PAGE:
Fourth Sunday of Easter

Jesus is the Good Shepherd. He lays down his life for the sake of the flock. We, who are God’s beloved children, are asked to do the very same — to give up our lives for others and to bring the flock of the Lord to pastures of gentleness, love and peace.

  • To the point: What is the command Jesus received from his Father? That he be the Good Shepherd by laying down his life for his sheep. That he gathers all people into one flock by laying down his life for his sheep. We, Jesus’ disciples, receive the same command from him. We are not to be “hired” hands but good shepherds who, by listening to his voice leading us, lay down our lives for others. In the Father’s love we too gather all people into one flock by laying down our lives for others. Jesus is the Good Shepherd. So are we to be.
  • Connecting the Gospel (John 11: 10-18) to the first reading: Because “the Father has bestowed on us” great love, we are able, like Jesus, to lay down our lives for others.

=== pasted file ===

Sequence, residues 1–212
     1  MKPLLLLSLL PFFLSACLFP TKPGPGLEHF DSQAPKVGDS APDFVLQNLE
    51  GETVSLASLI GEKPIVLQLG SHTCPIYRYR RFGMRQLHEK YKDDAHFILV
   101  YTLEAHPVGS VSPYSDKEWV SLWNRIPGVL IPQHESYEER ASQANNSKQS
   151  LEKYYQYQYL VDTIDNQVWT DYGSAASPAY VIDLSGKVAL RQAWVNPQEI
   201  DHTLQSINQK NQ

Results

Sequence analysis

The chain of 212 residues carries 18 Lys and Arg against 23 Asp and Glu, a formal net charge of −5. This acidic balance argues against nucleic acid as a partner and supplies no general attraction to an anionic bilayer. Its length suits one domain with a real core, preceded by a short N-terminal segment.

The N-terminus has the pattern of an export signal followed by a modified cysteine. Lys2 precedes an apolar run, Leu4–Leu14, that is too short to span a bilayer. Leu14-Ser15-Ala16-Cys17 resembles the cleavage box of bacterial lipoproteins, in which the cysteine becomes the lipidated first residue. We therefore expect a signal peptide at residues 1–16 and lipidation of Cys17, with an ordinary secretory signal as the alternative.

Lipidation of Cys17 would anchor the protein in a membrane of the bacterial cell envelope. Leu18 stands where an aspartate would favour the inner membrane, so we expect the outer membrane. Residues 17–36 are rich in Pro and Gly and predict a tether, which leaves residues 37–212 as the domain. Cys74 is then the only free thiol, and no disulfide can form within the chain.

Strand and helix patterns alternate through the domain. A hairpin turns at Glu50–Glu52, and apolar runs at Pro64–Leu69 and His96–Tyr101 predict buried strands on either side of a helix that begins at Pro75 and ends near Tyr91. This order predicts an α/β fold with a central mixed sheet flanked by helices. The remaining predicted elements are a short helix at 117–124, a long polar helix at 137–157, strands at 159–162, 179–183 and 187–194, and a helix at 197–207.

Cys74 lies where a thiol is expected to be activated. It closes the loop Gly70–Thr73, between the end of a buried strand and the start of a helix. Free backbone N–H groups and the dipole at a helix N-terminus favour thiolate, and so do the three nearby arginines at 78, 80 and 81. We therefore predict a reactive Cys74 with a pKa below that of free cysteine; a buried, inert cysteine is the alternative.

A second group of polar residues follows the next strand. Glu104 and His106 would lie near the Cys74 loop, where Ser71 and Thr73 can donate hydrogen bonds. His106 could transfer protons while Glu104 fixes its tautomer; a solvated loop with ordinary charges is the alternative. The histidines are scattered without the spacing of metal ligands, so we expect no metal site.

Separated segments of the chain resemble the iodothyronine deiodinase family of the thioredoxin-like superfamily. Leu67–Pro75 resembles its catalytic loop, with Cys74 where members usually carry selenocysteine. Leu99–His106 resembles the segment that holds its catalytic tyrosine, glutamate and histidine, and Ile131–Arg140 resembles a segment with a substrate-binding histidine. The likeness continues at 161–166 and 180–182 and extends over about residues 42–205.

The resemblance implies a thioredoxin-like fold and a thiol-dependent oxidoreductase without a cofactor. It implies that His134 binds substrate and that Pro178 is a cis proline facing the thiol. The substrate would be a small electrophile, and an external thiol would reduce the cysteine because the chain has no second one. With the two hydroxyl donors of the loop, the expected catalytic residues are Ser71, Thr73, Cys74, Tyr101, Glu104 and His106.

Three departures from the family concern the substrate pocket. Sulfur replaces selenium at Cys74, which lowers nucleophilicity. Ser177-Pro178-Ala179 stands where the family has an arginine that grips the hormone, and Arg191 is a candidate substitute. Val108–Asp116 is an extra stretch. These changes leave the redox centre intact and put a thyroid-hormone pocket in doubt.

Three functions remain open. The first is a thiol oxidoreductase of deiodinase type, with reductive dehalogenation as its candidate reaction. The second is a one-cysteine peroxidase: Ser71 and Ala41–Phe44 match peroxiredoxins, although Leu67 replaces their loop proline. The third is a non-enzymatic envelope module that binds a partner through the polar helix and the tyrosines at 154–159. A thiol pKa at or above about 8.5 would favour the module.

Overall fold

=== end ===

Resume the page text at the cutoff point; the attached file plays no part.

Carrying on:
• Connecting the Gospel to our experience: As human beings we have a hard time being faithful about loving. The whole Easter mystery reveals to us how utterly faithful God is in loving us. We can be faithful in our own loving because God is faithful in loving us.

Centering prayers

The Gospel

(John 10: 11-18)

“I am the good shepherd …”

The Good Shepherd knows his sheep and calls them each by name.
They listen, they wait for the sound of his voice.
We are so like them. O Jesus, Shepherd, we long to hear you call us.
Hold us in your arms awhile. Then help us take your unconditional love —
the lay-down-your-life kind of love that you got from your Father —
and wrap it around us into the lives of all people everywhere. 

The First Reading

(Acts 4: 8-12)

“In his name this man stands before you healed.”

Only one name could make the cripple walk.
Father in heaven, give us the same courage
you gave to Peter –– to speak out,
tell all about the one rejected who became our cornerstone.
In Jesus’ name we ask food for the hungry, 
care for all immigrants, and suffering children,
healing for our planet, love that ends divisions.

The Second Reading

(I Jon 3: 1-12)

“We may be called the children of God.”

We are his children now. God in fact does not become
our Father tomorrow, or next week, but now, today.
This minute. No matter what.

Copyright © 2024, Anne M. Osdieck

Music for reflection